So in 1 John we should read the word hilasmos in the sense of our sins being covered: “He is the covering for our sins …” There is a similar thought in James 5:20: “whoever turns a sinner from the error of his way will save him from death and cover over a multitude of sins” and 1 Peter 4:8: “love covers over a multitude of sins”. Both writers are almost certainly alluding to Proverbs 10:12 “love covers over all wrongs”. Here the Greek word for “cover(s) over” is kalypto which translates the Hebrew kasah - the words are different but the concept is the same. In these texts the writers are referring to human forgiveness covering over sins in others, while in 1 John 2:20 and 4:10 the writer is referring to God sending His Son to cover our sins.

In all these texts we find the fundamental principle is one of God’s mercy, covering over our sins and forgiving them. There is nothing in the context or the meanings of the words themselves to suggest that Christ’s death was necessary to “appease” a God who was angry or wrathful, or to satisfy any of God’s demands. The translators have sometimes (especially in the NIV) interpreted the words rather than literally translated them and have consequently given us a misleading translation. By interpreting some of the words in this group as “sacrifice of atonement” and “atoning sacrifice” they have also wrongly inserted the concept of “sacrifice” into texts where it does not belong. The death of Christ has therefore been wrongly viewed in a similar way to the sacrifices (sometimes human) which were offered to pagan gods to turn away their wrath. To the contrary, Christ demonstrated the love, mercy and graciousness of God and revealed Him as a God which was quite unlike the pagan gods who demanded sacrifices to appease them. By contrast, God’s love is generous and abundant (“not only for our sins but also for the sins of the whole world”). And by juxtaposing “sacrifice” and “atonement” the translators have also given the wrong impression that “atonement” (to be “at one” with God) or “reconciliation” comes only through a human sacrifice - a totally unBiblical concept.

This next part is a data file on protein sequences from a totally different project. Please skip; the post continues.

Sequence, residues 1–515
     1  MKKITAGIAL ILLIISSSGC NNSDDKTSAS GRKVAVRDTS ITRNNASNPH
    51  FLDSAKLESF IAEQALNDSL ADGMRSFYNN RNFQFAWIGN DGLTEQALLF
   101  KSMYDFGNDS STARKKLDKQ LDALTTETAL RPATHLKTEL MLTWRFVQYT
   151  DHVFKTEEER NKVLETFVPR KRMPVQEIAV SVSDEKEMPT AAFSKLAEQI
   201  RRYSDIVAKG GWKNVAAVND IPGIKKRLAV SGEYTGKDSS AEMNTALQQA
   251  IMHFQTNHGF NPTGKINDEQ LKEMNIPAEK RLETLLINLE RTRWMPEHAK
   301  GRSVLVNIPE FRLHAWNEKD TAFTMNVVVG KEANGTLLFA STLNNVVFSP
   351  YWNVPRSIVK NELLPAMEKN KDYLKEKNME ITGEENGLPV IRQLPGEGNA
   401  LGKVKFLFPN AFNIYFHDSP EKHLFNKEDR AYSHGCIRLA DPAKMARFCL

Thursday, April 09, 2009

The Cross and the Kingdom (8)


There are a significant handful of references in the NT to Christ dying for us, although no where near as many as we should expect if the emphasis given to "the blood of Christ" by many evangelists and preachers was correct.

In fact there are only nine places where the NT explicitly says Christ died for us, or words to that effect.
Romans 5:6
You see, at just the right time, when we were still powerless, Christ died for the ungodly.

Romans 5:8
But God demonstrates his own love for us in this: While we were still sinners, Christ died for us.

Romans 14:15
If your brother is distressed because of what you eat, you are no longer acting in love. Do not by your eating destroy your brother for whom Christ died.

1 Corinthians 8:11
So this weak brother, for whom Christ died, is destroyed by your knowledge.

1 Corinthians 15:3
For what I received I passed on to you as of first importance: that Christ died for our sins according to the Scriptures

1 Peter 3:18
For Christ died for sins once for all, the righteous for the unrighteous, to bring you to God. He was put to death in the body but made alive by the Spirit

2 Corinthians 5:14-15
For Christ's love compels us, because we are convinced that one died for all, and therefore all died. And he died for all, that those who live should no longer live for themselves but for him who died for them and was raised again.

1 Thessalonians 5:10
He died for us so that, whether we are awake or asleep, we may live together with him.